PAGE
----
Are the many manifestations of depravity in the home, church, at work and elsewhere not connected in many ways to the brutalisation we have become accustomed to from our leaders? Are we not naive to divorce the political brutalisation we experience from President Mugabe’s regime to the rage, helplessness, unhappiness and guilt that finds expression in violence at all levels, greed and corruption and so many other social maladies of today’s ailing Zimbabwe?


Before Independence the methods of control by those in power today included the aforementioned rapes and beatings, high profile assassinations and so forth. The fascism we are witnessing in Zimbabwe today goes a long way back if you really think about it. Today it has been bolstered by having control over the instruments of propaganda, economic and military resources and so forth. This is why genuine change will require more than just the replacement of Mugabe and his government. It will require the interrogation and overhaul of the whole set-up of our society. Economic renewal can only be a result of this more fundamental kind of renewal, it cannot produce it.


In war-time propaganda, including outright falsehoods, is considered a part of defeating one’s enemy. It was employed by both sides during the liberation struggle. The liberation movement had no trouble winning the propaganda effort because most people the world over saw its aims as just and supported it. Today the same people who successfully led the propaganda effort then cannot seem to see that the current one is failing because they have lost the overwhelming support they once enjoyed. To much of the populace they control and the world beyond, they now look no different from the oppressors they once fought and defeated.


Just as the Rhodesians’ own propaganda to themselves helped to shield them from the power of the foe they were fighting in a futile way, today’s propagandists undermine themselves by their lies more than they convince anybody!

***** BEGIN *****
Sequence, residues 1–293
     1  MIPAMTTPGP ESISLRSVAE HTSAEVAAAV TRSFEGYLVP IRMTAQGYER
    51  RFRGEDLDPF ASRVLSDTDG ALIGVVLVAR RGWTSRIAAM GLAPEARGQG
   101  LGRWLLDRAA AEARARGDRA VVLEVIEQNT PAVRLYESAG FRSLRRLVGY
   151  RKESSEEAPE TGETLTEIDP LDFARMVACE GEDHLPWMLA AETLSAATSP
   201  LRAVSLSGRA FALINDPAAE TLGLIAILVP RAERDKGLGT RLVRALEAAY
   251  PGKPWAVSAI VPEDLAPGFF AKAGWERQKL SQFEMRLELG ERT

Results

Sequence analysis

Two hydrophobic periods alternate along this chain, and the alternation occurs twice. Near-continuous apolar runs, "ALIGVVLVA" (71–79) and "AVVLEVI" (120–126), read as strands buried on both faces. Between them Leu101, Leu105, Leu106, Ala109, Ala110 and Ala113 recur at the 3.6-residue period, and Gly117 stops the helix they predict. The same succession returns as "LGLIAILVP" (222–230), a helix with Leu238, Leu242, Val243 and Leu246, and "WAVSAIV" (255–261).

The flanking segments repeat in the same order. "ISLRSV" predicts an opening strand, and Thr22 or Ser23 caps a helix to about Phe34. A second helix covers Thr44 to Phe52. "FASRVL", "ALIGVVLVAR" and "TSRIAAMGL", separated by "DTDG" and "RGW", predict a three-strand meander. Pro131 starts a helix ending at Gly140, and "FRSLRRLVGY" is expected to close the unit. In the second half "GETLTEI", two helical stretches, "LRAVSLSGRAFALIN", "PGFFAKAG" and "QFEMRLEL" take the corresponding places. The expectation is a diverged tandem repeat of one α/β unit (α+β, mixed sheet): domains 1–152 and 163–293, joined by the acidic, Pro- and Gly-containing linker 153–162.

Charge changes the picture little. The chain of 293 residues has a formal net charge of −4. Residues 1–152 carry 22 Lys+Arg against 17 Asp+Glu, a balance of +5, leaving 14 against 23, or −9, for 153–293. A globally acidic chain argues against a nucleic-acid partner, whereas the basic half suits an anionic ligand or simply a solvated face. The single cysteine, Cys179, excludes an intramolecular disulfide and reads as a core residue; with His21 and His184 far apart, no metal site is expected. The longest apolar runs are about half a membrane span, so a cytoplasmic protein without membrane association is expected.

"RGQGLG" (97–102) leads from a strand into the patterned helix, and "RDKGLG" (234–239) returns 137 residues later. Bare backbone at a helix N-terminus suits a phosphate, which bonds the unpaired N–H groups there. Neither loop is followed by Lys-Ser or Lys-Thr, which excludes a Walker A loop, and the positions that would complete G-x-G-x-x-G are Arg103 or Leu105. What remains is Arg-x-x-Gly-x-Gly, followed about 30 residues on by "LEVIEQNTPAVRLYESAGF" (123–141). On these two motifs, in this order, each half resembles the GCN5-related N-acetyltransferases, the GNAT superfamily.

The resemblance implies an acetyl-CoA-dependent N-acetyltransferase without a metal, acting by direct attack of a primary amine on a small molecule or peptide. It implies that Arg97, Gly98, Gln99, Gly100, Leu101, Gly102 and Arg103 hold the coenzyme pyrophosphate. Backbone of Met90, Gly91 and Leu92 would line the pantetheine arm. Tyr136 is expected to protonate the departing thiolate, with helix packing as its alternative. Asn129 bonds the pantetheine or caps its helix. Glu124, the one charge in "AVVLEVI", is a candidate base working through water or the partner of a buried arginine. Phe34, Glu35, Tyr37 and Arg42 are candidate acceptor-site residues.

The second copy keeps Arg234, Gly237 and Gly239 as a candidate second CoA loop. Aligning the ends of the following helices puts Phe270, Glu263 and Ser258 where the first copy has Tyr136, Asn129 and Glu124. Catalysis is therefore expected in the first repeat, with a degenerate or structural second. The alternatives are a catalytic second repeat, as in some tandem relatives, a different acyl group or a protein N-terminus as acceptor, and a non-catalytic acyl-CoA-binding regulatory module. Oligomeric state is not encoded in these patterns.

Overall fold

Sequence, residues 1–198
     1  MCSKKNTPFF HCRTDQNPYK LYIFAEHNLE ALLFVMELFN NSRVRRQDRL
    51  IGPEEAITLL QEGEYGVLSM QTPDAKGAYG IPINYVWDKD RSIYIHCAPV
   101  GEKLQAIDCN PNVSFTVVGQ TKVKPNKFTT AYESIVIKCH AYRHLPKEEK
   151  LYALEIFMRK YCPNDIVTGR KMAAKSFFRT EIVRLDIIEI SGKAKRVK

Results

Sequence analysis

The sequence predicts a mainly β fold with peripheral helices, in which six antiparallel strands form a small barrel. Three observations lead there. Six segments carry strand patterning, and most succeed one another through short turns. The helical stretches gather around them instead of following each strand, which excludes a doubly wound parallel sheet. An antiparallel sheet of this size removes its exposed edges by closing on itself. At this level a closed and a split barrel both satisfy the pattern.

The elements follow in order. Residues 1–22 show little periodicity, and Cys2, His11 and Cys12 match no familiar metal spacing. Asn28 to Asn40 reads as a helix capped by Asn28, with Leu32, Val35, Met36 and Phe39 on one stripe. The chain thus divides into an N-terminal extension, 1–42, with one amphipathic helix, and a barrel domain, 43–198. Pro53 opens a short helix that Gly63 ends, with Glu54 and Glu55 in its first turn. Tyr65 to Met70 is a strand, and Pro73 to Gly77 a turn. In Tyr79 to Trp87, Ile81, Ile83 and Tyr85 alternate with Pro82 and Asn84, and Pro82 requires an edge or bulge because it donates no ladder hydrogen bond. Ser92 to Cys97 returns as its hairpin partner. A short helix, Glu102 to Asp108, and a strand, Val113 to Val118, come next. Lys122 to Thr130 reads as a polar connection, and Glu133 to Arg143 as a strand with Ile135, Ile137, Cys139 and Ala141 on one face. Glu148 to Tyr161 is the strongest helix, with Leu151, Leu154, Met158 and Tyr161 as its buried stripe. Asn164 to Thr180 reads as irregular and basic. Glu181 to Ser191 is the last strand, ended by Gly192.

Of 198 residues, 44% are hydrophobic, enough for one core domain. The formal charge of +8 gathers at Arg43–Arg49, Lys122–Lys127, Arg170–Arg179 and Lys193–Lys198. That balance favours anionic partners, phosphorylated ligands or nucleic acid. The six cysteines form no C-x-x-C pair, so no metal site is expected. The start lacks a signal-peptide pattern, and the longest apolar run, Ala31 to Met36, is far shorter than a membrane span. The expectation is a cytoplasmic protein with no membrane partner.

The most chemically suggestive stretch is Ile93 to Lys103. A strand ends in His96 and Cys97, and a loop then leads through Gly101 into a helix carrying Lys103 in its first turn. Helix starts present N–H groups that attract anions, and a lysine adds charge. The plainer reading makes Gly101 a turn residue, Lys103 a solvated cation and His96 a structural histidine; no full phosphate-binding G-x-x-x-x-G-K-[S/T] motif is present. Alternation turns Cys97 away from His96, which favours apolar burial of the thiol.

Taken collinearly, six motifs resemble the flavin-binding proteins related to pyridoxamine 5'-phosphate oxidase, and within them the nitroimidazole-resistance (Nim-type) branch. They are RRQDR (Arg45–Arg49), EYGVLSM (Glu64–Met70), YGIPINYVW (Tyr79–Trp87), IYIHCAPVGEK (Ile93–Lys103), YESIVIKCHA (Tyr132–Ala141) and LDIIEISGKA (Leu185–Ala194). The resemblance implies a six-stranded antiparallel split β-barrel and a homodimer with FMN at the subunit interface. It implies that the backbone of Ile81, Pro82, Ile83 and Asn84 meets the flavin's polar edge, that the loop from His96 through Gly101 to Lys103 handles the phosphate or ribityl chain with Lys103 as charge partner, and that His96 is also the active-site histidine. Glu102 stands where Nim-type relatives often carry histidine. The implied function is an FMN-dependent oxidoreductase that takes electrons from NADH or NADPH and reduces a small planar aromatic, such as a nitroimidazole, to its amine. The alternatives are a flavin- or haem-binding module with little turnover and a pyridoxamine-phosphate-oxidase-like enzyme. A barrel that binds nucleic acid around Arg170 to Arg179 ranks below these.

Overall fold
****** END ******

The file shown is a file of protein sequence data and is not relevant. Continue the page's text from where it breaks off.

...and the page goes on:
Part of the disastrous results are that we lie to ourselves about the possibility of “bumper harvests” when we have over several years very carefully ensured that they cannot possibly happen any time soon, quite apart from the latest drought we are in at the moment. Year after year, as we become poorer, hungrier, weaker and more dependent, we delude ourselves with all sorts of magic wand economic initiatives, trying to escape the harsh reality that there can be no economic renewal without a political and ethical renewal that is simply inconceivable as long as the very principal authors of our multi-faceted degeneration as a society are still in control.


The most tragic way we cheat ourselves as a society in crisis and decline is by pretending that there can be any appreciable way to arrest and reverse our fall as long as Mugabe, his regime and all the negative values that they represent rule Zimbabwe. There can be no regeneration of a genuinely free, peaceful and prosperous Zimbabwe until not just the head of the system, but the system itself is overhauled. None of the desperately hopeful stop gaps such as the latest clever budget by Herbert Murerwa, catchy new land jingle by Jonathan Moyo, fancy new monetary statement by the latest claimed national messiah Gideon Gono, the tossing of a few crumbs by the Chinese government or any other friend of the month: not one of them will make any of the required difference to restore a ruined Zimbabwe until we stop being in denial about the fundamental nature of our problem.


We have been extremely reluctant to do so because it would require us to personally and collectively make decisions which we are currently too cowardly and irresponsible to do. We will continue to plunge rapidly until we cease being a society in denial on so many fronts.


* Chido Makunike is a regular contributor based in Harare.